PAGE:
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Lebanon has counterterrorism provisions in its Criminal Code, which have also been used to prosecute the violent actions of protesters during assemblies.

Compliance with International Law:
Last updated: one year ago

The Definition of Terrorism in Domestic Law

The Criminal Code defines terrorist acts as 

all acts intended to cause a state of terror and committed by means liable to create a public danger such as explosive devices, inflammable materials, toxic or corrosive products and infectious or microbial agents.Art. 314, Criminal Code of Lebanon. 

Adherence to Global and Regional Terrorism Treaties


Lebanon is a State Party to the main United Nations treaties on terrorism.


Adherence to Global Terrorism Treaties
Treaty Adherence
1973 Convention on Crimes against Internationally Protected Persons State Party
1979 Hostage-Taking Convention State Party
1997 Terrorist Bombings Convention State not party
1999 Terrorist Financing Convention State Party
2005 Nuclear Terrorism Convention State Party

In adhering to the 1979 Convention, Lebanon declared that:

The provisions of the Convention, and in particular those of its article 13, shall not affect the Lebanese Republic's stance of supporting the right of States and peoples to oppose and resist foreign occupation of their territories.


Lebanon is also a State Party to the main regional treaties on terrorism.


Adherence to Regional Terrorism Treaties
Treaty Adherence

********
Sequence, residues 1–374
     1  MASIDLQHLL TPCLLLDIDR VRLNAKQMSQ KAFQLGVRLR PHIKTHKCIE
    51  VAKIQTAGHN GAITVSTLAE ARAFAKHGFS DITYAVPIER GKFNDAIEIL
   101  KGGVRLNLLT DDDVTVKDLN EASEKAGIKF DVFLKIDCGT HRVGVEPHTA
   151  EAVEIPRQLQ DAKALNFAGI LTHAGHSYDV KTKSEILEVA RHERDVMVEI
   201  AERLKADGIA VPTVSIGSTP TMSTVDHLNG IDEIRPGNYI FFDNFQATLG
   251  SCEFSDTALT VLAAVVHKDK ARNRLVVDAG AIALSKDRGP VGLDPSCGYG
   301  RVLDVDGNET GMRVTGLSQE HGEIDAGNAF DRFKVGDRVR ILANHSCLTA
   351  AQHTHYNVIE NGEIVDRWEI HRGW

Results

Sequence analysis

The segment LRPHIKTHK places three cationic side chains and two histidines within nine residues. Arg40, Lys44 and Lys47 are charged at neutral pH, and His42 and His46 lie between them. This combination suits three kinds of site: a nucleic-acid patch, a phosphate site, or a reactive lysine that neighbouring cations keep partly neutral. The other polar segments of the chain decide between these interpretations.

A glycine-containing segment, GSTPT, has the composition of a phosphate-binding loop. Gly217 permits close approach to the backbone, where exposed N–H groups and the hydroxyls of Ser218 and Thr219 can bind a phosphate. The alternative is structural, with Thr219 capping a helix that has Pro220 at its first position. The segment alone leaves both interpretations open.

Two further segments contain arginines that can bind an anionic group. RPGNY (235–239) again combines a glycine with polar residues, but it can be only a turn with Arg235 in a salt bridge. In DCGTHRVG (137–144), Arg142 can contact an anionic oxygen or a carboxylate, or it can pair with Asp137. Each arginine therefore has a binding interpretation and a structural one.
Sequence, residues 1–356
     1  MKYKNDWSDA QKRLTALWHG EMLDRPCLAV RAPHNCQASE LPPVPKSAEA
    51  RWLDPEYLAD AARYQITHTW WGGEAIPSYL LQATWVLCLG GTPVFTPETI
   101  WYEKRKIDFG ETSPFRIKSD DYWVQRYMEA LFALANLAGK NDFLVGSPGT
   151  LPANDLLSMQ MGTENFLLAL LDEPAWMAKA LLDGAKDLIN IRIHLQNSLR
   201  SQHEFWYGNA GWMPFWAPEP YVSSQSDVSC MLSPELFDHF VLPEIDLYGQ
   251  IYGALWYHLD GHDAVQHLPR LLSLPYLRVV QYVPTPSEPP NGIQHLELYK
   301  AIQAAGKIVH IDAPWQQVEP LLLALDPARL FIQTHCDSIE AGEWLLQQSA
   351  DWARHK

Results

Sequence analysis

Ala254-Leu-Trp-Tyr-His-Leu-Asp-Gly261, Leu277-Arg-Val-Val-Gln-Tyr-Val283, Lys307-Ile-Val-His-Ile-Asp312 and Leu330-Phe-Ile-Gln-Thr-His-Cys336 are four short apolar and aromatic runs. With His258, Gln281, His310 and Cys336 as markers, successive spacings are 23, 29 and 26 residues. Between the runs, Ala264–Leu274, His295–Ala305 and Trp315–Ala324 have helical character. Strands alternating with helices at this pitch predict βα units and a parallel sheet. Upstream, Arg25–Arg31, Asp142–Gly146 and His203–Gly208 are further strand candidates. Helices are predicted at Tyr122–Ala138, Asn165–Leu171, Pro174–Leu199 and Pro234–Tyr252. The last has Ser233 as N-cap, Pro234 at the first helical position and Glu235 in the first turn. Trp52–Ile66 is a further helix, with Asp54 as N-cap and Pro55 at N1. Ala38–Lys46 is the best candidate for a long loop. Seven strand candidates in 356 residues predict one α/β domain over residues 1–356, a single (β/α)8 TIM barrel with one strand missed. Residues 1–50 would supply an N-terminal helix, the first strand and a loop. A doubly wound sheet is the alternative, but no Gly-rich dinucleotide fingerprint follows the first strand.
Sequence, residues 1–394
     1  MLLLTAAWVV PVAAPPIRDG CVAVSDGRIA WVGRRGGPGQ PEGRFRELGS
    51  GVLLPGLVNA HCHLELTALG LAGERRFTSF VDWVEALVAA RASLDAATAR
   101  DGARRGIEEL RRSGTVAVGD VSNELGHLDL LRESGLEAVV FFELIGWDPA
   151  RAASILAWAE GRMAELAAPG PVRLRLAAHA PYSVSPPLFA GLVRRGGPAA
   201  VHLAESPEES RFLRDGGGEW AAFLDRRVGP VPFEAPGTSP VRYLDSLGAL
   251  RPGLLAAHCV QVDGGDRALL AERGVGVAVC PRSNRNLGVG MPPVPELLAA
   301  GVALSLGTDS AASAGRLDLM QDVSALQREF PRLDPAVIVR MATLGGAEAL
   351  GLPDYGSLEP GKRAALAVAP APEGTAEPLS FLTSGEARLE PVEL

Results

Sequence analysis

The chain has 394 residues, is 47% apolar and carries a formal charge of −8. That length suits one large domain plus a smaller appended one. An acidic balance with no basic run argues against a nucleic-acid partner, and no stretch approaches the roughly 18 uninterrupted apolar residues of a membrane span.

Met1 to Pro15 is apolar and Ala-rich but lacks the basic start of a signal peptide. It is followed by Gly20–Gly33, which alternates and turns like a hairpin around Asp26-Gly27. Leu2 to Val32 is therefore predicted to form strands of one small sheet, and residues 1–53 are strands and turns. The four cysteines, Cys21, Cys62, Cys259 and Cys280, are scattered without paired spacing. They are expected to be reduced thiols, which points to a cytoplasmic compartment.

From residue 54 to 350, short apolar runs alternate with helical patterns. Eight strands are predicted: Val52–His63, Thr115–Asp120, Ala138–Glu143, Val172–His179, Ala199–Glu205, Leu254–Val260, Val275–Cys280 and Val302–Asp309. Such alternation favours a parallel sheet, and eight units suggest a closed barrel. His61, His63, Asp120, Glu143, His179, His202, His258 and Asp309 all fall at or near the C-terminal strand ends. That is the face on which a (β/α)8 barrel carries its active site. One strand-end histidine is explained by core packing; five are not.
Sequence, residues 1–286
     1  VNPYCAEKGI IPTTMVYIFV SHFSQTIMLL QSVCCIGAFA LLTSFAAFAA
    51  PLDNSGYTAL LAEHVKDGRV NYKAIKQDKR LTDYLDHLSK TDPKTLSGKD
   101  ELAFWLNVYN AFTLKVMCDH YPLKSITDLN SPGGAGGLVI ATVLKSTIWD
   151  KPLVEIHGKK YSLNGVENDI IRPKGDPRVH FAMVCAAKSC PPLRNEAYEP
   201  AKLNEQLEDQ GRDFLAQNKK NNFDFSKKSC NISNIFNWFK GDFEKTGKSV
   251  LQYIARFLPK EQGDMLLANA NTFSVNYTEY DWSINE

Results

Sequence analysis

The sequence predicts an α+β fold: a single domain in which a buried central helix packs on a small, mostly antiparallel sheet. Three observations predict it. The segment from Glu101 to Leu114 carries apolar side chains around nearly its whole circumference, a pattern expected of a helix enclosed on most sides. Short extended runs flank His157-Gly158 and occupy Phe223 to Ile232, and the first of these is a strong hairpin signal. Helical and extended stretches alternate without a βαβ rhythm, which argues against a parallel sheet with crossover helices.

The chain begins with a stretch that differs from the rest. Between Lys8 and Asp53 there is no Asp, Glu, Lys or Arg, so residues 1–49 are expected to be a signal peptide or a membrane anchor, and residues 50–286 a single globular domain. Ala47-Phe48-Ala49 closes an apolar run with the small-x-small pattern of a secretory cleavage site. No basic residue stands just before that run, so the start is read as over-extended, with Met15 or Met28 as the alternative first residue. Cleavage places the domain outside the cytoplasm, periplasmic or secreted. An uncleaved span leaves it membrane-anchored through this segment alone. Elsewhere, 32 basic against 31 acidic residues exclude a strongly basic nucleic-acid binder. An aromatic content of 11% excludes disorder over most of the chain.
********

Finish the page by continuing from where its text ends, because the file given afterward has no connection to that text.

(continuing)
1998 Arab Convention on the Suppression of Terrorism State Party
1999 OIC Convention on Combating International Terrorism State Party

Laws and Penalties for Terrorist Offences

Several articles of Lebanon’s criminal code are effectively used to prosecute acts of terrorism. Any terrorist act shall carry a penalty of hard labour for at least five years. It shall carry a penalty of hard labour for life if it results in even partial destruction of a public building, industrial establishment, vessel or other facility or in impediments to means of telecommunications, communications and transport.Art. 315, Criminal Code of Lebanon.

The maximum penalty for terrorist offences under Lebanese law is the death penalty. Article 315 of the Criminal Code thus stipulates that: "The death penalty shall be imposed if the act leads to the death of a person or to the complete or partial destruction of a building in which one or more persons are present." 

Any person who finances or contributes to the financing, intentionally, by any direct or indirect means, of terrorism or terrorist organisations is punished by fixed-term hard labour of between three and seven years.Art. 316 bis, Criminal Code of Lebanon.

In March 2021, Amnesty International called on the Lebanese authorities to "immediately stop the use of terrorism-related charges to prosecute protesters, which marks a worrying new turn in the ongoing repression of activists and demonstrators". The organization repeated earlier calls on the authorities to "immediately cease the practice of summoning civilians before military courts". On 19 February, Lebanon’s military prosecutor filed terrorism-related charges against at least 23 detainees, including two minors, involved in heated protests in the northern city of Tripoli, during which both Internal Security Forces (ISF) officers and civilians were injured and one civilian killed. If convicted, these protesters could face the death penalty.

Counterterrorism Capacities and Policies at Domestic Level

The Lebanese Armed Forces, the Internal Security Forces, the Directorate of General Security (DGS), and the General Directorate of State Security are the primary government agencies responsible for counterterrorism.

Lebanon published its national strategy for preventing violent extremism (PVE) in 2018.  


Criminal Code of Lebanon (English translation of selected provisions)